Prof. Dr. habil. Jane Neumann

Jane Neumann

for­mer Head of Junior Research Group
Com­pu­ta­tion­al Mod­el­ing of Reward-Relat­ed and Deci­sion-Mak­ing Process­es

      

Prof Dr Neu­mann stud­ied Com­put­er Sci­ence at the Chem­nitz Uni­ver­si­ty of Tech­nol­o­gy, Ger­many, and the Uni­ver­si­ty of York, Eng­land. She received her PhD from the Cen­ter for Cog­ni­tive Sci­ence and the School of Infor­mat­icsUni­ver­si­ty of Edin­burgh, Scot­land, where she explored new mech­a­nisms for learn­ing com­plex struc­tures in con­nec­tion­ist net­works, super­vised by Prof Mark Steed­man and Prof David Will­shaw. In 2001, she start­ed her post­doc­tor­al work at the Max Planck Insti­tute (MPI) for Human Cog­ni­tive and Brain Sci­ences in Leipzig. Focus of her research was the devel­op­ment of new meth­ods for com­pu­ta­tion­al mod­el­ling and sta­tis­ti­cal analy­sis of func­tion­al mag­net­ic res­o­nance imag­ing data. In 2012 Dr. Neu­mann received her Habil­i­ta­tion from the Fac­ul­ty of Math­e­mat­ics and Com­put­er Sci­ence at Leipzig Uni­ver­si­ty with the the­sis “Beyond acti­va­tion detec­tion: Advanc­ing com­pu­ta­tion­al tech­niques for the analy­sis of func­tion­al MRI data”. In 2010 Dr. Neu­mann start­ed her inde­pen­dent research group “Com­pu­ta­tion­al mod­el­ling of reward-relat­ed and deci­sion mak­ing process­es” at the Inte­grat­ed Research and Treat­ment Cen­ter (IFB) Adi­pos­i­ty­Dis­eases, Uni­ver­si­ty Clin­ic Leipzig. Her cur­rent research is aimed at the devel­op­ment and appli­ca­tion of com­pu­ta­tion­al mod­els for human learn­ing and deci­sion mak­ing process­es, and at inves­ti­gat­ing the neur­al cor­re­lates of learn­ing and deci­sion mak­ing by means of func­tion­al brain imag­ing, togeth­er with any obe­si­ty-spe­cif­ic alter­ations of these process­es as one pos­si­ble cause of obe­si­ty.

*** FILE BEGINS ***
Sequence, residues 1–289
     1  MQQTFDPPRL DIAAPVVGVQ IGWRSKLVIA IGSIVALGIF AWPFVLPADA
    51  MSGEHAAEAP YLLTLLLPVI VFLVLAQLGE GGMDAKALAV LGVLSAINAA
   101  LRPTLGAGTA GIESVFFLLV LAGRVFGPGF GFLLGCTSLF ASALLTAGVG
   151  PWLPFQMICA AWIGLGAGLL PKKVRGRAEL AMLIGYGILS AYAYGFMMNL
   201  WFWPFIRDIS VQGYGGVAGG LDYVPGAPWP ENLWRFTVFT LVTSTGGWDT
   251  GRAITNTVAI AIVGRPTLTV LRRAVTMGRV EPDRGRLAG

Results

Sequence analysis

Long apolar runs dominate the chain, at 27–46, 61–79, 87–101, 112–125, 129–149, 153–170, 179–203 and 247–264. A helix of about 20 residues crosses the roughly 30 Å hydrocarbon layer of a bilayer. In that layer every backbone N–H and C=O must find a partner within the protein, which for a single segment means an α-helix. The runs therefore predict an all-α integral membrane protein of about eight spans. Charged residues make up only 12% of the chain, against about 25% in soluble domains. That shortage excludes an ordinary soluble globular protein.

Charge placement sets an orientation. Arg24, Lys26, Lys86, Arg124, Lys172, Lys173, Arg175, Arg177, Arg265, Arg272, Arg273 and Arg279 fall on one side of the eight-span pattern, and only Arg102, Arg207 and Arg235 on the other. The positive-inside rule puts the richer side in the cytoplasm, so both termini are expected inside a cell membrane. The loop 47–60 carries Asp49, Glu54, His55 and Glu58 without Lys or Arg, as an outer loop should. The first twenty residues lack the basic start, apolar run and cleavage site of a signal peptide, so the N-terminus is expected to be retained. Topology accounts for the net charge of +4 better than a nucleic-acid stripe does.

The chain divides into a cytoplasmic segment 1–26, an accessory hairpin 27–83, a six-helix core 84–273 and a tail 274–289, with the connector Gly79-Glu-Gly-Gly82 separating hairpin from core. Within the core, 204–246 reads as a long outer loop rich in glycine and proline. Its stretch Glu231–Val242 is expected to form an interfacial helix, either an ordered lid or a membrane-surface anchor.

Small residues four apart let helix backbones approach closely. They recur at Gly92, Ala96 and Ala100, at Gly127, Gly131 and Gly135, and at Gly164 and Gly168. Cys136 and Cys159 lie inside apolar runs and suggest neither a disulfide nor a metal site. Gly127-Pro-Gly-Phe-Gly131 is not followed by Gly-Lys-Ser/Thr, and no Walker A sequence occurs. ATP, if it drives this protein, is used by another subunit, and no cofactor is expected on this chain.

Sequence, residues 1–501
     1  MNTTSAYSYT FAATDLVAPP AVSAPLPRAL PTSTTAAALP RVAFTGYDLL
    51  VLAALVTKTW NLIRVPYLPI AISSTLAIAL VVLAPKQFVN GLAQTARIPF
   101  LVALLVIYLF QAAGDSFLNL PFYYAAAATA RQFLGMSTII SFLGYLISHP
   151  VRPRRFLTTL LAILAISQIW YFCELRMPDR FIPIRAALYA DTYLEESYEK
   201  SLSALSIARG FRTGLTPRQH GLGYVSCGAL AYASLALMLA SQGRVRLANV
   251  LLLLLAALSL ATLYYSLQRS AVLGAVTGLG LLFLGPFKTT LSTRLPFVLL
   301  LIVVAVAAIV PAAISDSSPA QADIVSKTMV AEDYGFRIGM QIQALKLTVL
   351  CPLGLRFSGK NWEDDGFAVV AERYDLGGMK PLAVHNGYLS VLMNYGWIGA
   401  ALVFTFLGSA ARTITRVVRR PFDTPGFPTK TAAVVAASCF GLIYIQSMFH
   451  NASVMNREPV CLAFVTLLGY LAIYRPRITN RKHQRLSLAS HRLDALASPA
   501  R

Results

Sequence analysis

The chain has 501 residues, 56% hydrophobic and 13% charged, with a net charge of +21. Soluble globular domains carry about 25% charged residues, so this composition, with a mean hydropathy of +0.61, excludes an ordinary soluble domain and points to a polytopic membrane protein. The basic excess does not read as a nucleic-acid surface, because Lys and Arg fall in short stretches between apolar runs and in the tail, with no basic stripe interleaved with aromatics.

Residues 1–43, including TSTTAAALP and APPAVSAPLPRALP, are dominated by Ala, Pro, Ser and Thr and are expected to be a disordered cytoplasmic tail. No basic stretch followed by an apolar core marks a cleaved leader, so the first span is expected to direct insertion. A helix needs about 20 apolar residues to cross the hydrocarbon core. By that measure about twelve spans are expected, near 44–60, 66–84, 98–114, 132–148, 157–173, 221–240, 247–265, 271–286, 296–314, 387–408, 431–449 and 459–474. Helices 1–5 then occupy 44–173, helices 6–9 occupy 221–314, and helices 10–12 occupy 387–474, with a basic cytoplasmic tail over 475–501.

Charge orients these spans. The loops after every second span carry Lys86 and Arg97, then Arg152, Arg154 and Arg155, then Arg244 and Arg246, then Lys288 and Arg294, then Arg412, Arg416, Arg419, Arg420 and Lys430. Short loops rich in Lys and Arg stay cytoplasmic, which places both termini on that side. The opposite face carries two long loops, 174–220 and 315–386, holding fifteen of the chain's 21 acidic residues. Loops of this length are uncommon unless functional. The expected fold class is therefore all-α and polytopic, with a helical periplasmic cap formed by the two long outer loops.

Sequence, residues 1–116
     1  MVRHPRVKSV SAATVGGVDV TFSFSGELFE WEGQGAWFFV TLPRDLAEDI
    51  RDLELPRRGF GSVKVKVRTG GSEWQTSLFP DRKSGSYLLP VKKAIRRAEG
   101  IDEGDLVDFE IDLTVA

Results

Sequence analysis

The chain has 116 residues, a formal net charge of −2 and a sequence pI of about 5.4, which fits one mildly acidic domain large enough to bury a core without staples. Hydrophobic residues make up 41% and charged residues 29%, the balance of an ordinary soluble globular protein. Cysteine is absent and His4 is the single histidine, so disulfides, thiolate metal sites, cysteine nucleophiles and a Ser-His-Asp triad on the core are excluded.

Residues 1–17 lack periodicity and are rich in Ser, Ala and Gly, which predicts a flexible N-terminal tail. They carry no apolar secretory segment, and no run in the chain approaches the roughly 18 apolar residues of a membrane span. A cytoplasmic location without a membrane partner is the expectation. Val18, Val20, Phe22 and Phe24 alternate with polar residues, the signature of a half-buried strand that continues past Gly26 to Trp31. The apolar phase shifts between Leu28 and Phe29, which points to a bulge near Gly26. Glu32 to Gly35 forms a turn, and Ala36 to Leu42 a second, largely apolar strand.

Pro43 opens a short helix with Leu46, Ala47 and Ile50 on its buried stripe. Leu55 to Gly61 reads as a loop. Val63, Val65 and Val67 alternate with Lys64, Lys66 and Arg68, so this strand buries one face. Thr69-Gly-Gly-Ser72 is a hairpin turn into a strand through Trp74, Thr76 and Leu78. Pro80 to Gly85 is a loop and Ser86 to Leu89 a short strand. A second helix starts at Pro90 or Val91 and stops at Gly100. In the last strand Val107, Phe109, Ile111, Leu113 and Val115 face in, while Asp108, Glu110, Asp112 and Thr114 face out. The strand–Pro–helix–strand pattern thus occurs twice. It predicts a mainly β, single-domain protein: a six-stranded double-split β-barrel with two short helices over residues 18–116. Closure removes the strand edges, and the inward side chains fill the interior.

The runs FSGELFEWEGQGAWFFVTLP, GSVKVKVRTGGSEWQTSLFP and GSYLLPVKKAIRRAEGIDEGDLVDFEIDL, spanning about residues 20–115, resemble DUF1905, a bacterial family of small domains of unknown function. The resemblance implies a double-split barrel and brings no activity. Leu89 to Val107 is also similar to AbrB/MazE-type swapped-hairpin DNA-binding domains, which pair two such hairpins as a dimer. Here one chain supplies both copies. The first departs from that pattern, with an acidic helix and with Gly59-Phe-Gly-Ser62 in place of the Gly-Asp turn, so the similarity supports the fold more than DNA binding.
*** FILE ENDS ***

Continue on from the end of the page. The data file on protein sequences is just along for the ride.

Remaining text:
2010–2017
Junior Research Group Leader: Inte­grat­ed Research and Treat­ment Cen­ter (IFB) Adi­pos­i­ty Dis­eases, Leipzig Uni­ver­si­ty Hos­pi­tal
2001–2010
Research Sci­en­tist: Max Planck Insti­tute for Human Cog­ni­tive and Brain Sci­ences, Leipzig, Ger­many
1997–2001
PhD: Cen­ter for Cog­ni­tive Sci­ence and Divi­sion of Infor­mat­ics, Uni­ver­si­ty of Edin­burgh, Scot­land
1990–1996
Com­put­er Sci­ence: Uni­ver­si­ty of Tech­nol­o­gy Chem­nitz, Ger­many, and Uni­ver­si­ty of York, Eng­land